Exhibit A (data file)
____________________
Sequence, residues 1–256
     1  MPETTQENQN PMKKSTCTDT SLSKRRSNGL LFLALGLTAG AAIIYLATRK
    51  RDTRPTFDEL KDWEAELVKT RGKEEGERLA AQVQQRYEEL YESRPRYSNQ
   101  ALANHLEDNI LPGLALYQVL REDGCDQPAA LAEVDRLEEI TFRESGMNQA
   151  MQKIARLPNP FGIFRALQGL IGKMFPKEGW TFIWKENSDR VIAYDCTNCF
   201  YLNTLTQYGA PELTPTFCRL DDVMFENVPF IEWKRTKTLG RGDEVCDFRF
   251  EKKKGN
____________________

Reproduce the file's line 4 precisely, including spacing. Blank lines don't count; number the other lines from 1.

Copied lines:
   101  ALANHLEDNI LPGLALYQVL REDGCDQPAA LAEVDRLEEI TFRESGMNQA